Friday, October 28, 2016

Citation.js Version 0.2: NPM package, CSL and more

In the last two weeks I've been busy with making Version 0.2 of Citation.js. Here I'll explain some of the changes and the reasoning behind them.

In the past months I've updated Citation.js several times, and the changes included a Node.js program for the commandline and better Wikidata input parsing. While I was working with the "old" code, I noticed some annoying issues in it.

One of the biggest things was the internal data format. When Cite(), the main program, parses input, makes it into JSON with a standardised scheme, which is used everywhere else in the program, e.g. for sorting and outputting. The scheme I used was something I made up to accommodate for the features it had back when there was next to no input parsing, and you were expected to input JSON directly, either by file or by webform. It wasn't scalable at all, and some of the methods were patched so much they only worked in specific test cases.

Old interface of Citation.js (pre-v0.1). It would fetch the first paragraph of Wikipedia about a certain formatting style. Many of the supporting methods of this version stayed in v0.1.

Now I use CSL-JSON, the scheme used by, among others, citeproc-js, and the standard described by the Citation Style Language. It is designed by professionals, or at least people more qualified to making standards. It is quite similar to my old scheme, with some exceptions. Big advantages are the way it stores date and person information. Before, I had to hope users provided names in the correct format. Now, it doesn't matter, as it gets parsed to CSL. The same goes for the date. Another advantage is the new output potential. Besides the output of CSL-JSON, it is now possible to use citeproc-js directly, without extra conversion.

Using a new data format also meant a lot of cleanup in the code. Almost all methods had to be re-written to account for it, but this was mostly a chance to write them more properly. Now, only Cite() exists in the global scope, which is good, because it means other parts don't take up variable names, etc. The entire program is now optimised for both browser and Node.js use, although it uses synchronous requests. From the perspective of the program it is necessary to be able to use synchronous requests. However, it is possible for users to bypass this for a big part. It is mostly used for >Wikidata parsing. An example:

Let's take the input "Q21972834". This is a Wikidata Entity ID, and it points to Assembling the 20 Gb white spruce (Picea glauca) genome from whole-genome shotgun sequencing data (10.1093/bioinformatics/btt178). If Cite() only has the ID, it has to fetch the corresponding data (JSON). Because Cite() is called as a function, and is expected to return something, it has to make the request synchronously. However, if the user fetches the data asynchronously and calls Cite() in the callback, that is bypassed.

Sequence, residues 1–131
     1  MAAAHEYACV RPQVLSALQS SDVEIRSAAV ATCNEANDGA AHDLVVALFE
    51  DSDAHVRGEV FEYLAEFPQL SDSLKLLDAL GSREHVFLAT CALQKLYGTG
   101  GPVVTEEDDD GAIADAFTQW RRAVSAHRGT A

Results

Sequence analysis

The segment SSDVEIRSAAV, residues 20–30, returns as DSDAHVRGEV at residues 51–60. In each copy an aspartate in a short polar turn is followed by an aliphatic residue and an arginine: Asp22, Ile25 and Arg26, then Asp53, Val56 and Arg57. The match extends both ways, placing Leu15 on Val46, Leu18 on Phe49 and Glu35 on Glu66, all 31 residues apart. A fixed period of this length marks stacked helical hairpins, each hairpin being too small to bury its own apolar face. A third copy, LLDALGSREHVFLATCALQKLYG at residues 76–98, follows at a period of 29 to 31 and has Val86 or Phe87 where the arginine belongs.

var xhr = new XMLHttpRequest();
  /* Method */ 'GET',
  /* URL    */ '',
  /* Async  */ true

xhr.addEventListener( 'load', function () {
  var data = this.responseText
  var cite = new Cite( data )
  // Etc...
} );

xhr.send( null )

The JSON gets to Cite() with only async(hronous) requests. The problem is that this JSON doesn't contain everything. Instead of the name of the journal it's published in, it contains a numeric reference to it. To get that name, I have to make another request, which has to be sync as well. I hope there is some way in the Wikidata API to turn references off and names (or "labels") on, but I haven't found one yet. That being said, I had to search a long time to find the on-switch for cross-domain requests in the Wikidata API as well, so it might be hidden somewhere. If that's the case then sync requests can be bypassed everywhere, which would be nice, as browsers are on the verge of dropping support.

Probably the biggest news is that it is a NPM (Node Package Manager) package (link). This means you can download the code without having to clone the git repository, or copy the source file. It's even available online, although the default npm demo seems to be broken. Luckily, I have a regular demo as well. As of writing, the npm page says the package has been downloaded 234 times already, but that number has been the same for a day, so I guess there is an issue with npm. If not, that's really cool.

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